But is there any truth in this, and is there really someone out there for everyone? It is not as if the one for us wears a badge informing us that they are, therefore our choices should be informed by sound judgement and careful decision making.
Deciding on someone When we meet someone and start dating, we naturally evaluate how much we might actually like them, and whether we are aware of this or not, we may use a particular decision making strategy. The first of these strategies is called satisfising deciding we like them and that they are the one for us, because they meet the basics of what we are looking for. The second strategy is called maximizing always attempting to find someone better Simon, Mistakes and errors However, there is a danger with employing each of the two strategies outlined above.
In understanding this we need to take a visit to statistical hypothesis testing, where two types of error exist known as type one and type two errors. A type one error is a false positive error, meaning that we accept something as true or accept an effect as true when it is not. A type two error is failing to accept something as true or failing to detect an effect where it does exists.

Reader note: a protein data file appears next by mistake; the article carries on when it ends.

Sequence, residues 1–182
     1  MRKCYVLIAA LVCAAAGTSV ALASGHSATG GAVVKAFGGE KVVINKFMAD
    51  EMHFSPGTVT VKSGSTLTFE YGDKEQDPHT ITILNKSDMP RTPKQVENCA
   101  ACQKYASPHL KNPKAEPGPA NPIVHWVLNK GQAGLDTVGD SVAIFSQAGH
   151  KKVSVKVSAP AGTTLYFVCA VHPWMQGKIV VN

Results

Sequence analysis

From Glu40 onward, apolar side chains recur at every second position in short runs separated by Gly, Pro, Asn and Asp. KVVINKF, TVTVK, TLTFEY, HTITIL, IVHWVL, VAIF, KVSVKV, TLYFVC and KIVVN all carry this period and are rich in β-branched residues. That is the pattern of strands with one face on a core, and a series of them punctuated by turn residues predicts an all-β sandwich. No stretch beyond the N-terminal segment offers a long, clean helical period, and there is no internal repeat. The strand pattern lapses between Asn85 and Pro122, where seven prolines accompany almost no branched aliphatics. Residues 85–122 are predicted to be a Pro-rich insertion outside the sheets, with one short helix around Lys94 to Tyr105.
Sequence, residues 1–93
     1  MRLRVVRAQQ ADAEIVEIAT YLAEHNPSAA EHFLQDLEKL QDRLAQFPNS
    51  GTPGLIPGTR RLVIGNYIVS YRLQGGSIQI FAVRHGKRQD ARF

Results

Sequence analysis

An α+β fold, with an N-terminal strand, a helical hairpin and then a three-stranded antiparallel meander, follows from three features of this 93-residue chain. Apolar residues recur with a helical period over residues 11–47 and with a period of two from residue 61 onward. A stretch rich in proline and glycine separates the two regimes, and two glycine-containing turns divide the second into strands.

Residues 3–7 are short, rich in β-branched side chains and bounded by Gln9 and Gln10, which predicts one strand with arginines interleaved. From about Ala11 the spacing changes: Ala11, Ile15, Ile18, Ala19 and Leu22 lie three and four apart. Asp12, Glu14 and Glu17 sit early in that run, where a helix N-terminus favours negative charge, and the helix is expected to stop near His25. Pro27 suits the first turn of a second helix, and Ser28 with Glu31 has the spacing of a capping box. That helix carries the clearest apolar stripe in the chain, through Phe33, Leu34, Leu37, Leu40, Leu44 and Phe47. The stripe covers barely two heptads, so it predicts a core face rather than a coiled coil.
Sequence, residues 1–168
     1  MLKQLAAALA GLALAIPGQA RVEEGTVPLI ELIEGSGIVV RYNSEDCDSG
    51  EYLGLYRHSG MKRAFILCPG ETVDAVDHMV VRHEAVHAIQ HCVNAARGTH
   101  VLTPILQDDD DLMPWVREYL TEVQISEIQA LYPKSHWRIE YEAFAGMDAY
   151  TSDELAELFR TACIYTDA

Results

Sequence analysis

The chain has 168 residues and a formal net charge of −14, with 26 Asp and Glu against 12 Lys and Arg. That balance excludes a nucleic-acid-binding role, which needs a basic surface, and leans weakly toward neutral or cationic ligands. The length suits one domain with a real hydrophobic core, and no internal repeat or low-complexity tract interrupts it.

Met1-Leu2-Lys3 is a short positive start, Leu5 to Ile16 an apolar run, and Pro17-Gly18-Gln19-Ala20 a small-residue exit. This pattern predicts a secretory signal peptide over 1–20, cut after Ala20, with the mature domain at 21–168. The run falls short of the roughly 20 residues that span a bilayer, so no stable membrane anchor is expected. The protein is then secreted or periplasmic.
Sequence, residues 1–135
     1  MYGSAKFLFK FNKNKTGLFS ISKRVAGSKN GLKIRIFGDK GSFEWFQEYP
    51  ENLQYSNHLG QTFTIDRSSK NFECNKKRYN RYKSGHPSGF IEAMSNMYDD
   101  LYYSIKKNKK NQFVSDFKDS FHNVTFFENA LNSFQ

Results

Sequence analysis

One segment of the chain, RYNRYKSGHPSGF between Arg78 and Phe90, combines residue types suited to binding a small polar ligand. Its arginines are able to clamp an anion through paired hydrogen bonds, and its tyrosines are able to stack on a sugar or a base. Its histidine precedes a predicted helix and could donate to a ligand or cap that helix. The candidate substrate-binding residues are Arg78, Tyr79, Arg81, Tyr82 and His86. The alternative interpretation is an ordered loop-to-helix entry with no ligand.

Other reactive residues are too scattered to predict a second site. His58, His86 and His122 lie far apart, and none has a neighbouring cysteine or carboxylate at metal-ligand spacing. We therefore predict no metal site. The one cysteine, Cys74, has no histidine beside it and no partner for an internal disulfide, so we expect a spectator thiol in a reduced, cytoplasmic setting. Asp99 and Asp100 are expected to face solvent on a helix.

Each error has a real life consequence. If we satisfice, we may make a type one error, because being too lenient in our mate choice, we may in the long run discover that we have accepted the wrong person for us. How long will it take? Is there even such a thing as love at first sight?
If not, then once we meet and start dating someone, how long do we actually take to decide whether they are the one for us? In answer to the first question, men are more likely than women to fall in love at first sight. Men are more easily and rapidly attracted simply by physical appearance, which takes little time to assess.
The evolutionary psychology explanation for this is that physical appearance signals health and reproductive viability. Therefore the qualities that females generally seek in a long term partner take more time to assess, meaning that love at first sight is less likely for females. In other words the more we see somebody and the more similar they are to us, then the more likely it is we will like them and them us.
As long as we are prepared to make careful judgments, and not be unrealistic in our romantic beliefs then there possibly is.
Keep listening to the song. The ritualisation of laughter. Psychological Review, 63 2 ,